You can book me up to a year or more in advance, but don’t worry if it does end up being more spontaneous. A few times a year, I get an email that says, “We’re getting married Thursday, can you be there?” and if I’m free, I’m in!

This is New York City, after all. Magic can happen in a very small amount of time.

Winter Elopement in NYC.jpeg

Washington Square Park is a great backdrop for winter elopement photos.

How do you get a marriage license?

Get a marriage license at the marriage bureau, wait at least 24 hours, and then head back there and get married. You’ll need at least one one witness. That can be me (I don’t charge for this.)

You’ll need to head to the City Clerk’s Office, which is open 8:30 - 3:45 Monday - Friday, except on federal holidays.

Pro tip: Tuesdays are the best day to go, as they tend to be less crowded, unless it’s a small, silly American holiday (like Groundhog Day or Valentines Day) or the date is doing something fun and quirky that a lot of people will want as an anniversary: I predict Tuesday, 22 February 2022 will be be a madhouse!

You’ll get a number, and then you’ll wait. Make sure you have plenty of time. I recommend at least 90 minutes, as you aren’t able to make an appointment. Each of you will need to present a form of government issued ID (passports are a good bet), and pay a fee for your license, which is $35.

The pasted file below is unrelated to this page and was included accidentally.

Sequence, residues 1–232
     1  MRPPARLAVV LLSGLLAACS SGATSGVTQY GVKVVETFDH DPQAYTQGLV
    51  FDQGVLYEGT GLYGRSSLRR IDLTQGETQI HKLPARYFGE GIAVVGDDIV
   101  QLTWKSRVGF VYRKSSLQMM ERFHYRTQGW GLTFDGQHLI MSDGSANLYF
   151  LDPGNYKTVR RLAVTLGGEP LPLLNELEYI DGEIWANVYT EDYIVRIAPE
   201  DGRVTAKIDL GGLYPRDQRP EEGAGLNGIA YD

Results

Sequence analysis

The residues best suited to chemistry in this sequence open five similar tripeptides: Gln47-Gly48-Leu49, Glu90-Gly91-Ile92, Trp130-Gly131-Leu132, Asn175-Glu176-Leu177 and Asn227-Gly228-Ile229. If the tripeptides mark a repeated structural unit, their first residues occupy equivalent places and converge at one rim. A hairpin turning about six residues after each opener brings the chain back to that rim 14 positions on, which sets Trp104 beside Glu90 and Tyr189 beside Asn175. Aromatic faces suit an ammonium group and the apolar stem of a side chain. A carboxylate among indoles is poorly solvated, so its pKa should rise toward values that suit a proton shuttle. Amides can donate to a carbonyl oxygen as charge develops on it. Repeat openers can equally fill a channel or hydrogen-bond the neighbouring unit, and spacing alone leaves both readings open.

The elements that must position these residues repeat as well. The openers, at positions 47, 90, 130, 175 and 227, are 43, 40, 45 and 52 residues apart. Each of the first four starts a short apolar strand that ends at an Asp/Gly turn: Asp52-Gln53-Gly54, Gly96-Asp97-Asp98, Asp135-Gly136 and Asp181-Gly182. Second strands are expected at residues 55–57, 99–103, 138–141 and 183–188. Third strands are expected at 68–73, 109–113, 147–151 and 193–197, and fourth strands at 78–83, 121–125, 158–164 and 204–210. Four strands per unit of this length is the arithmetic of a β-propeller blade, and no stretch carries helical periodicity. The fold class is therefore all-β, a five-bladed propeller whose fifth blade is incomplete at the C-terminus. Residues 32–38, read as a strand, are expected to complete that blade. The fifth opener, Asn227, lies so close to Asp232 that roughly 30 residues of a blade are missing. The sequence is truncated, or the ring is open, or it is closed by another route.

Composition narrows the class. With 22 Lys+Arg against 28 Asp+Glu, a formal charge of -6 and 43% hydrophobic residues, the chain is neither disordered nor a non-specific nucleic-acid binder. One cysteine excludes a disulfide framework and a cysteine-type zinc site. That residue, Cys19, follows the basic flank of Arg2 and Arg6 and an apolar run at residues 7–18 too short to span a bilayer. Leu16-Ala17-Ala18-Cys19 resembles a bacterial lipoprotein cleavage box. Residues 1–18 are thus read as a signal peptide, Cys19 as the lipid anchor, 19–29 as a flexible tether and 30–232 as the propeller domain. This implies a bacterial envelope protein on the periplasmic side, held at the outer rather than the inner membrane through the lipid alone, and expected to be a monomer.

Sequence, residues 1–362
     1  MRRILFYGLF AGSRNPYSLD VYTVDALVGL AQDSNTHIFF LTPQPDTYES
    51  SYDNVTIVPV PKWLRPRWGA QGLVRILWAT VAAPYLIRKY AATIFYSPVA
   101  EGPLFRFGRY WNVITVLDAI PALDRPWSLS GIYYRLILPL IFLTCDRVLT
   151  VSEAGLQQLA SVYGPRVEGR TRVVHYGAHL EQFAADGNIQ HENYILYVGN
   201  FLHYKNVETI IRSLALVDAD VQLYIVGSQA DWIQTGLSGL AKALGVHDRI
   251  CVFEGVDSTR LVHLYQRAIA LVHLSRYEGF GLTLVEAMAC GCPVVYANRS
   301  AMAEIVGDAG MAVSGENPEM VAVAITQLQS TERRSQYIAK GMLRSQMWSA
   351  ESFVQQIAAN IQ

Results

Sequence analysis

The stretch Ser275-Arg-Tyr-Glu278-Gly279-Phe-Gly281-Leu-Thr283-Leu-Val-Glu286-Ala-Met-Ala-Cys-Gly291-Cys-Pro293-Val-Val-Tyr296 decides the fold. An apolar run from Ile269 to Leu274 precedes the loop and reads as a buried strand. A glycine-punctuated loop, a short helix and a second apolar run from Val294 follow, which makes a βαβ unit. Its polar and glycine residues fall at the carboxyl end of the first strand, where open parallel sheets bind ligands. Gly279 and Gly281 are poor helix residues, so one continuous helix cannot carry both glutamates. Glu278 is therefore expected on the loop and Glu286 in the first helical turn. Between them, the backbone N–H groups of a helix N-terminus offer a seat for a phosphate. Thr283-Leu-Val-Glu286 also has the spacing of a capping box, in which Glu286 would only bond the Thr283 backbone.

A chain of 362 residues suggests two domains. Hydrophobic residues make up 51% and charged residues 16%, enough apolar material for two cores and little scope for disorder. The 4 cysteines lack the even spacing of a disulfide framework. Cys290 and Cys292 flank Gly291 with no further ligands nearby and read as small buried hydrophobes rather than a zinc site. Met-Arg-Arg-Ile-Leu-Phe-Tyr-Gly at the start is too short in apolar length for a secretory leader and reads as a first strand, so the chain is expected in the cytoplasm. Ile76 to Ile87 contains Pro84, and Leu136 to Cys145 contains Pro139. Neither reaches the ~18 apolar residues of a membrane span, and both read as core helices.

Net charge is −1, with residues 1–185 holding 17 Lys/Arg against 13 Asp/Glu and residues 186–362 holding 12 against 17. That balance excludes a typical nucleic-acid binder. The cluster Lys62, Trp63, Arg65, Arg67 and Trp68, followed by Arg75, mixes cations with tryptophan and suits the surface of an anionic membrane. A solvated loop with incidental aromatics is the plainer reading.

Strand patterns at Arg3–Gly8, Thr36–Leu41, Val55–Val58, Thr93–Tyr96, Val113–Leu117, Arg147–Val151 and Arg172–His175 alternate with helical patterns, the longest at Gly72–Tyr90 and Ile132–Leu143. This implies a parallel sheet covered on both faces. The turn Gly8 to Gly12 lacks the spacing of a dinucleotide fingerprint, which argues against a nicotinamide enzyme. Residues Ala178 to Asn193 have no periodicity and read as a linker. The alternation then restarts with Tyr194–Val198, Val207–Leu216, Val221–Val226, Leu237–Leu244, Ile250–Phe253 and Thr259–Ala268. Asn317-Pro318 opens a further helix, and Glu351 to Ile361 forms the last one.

When you receive your license, it will be dated and notated with the exact time you received it. From that point, you’ll need to wait exactly 24 hours before your ceremony, unless you receive a judicial waiver. It will be good for sixty days.

How do you get married at City Hall in Manhattan?

After following the process above, head back to City Hall for your ceremony at least 24 hours later. You’ll receive a new number, and wait to be called to one of the smaller windows, where you will fill out paperwork, pay $25 for your ceremony, and have your witness or witnesses fill our their name, address, and sign. (You can have at least one, and up to two witnesses, and they both need to be at least 18 with a valid ID.)

After this, you’ll wait a bit more, then be called to desk number 5. This is the big orange desk in the middle of the smaller booths. From there, you’ll be ushered behind that desk into a smaller waiting area with one of two chapels.

Everyone is allowed to come in with you! Once you close the door behind you, the ceremony begins. This is a private ceremony, and lasts about 90 seconds. No typo! You’re in, you’re married, you’re out, and it’s a beautiful blur.

Saying “I do” at City Hall in Manhattan is a super fast, low fuss ceremony.

What elopement options are there outside of City Hall?